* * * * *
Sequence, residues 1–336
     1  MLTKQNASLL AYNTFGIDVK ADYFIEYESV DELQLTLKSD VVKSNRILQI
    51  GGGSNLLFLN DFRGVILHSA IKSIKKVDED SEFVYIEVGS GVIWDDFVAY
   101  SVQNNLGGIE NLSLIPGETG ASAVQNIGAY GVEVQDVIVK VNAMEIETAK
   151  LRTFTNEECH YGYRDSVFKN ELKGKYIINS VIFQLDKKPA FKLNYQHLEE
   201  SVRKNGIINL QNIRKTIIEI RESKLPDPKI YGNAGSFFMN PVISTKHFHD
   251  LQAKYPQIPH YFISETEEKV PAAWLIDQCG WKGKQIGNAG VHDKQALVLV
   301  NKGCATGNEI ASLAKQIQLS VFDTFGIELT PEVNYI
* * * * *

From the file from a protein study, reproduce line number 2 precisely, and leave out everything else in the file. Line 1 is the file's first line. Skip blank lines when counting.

     1  MLTKQNASLL AYNTFGIDVK ADYFIEYESV DELQLTLKSD VVKSNRILQI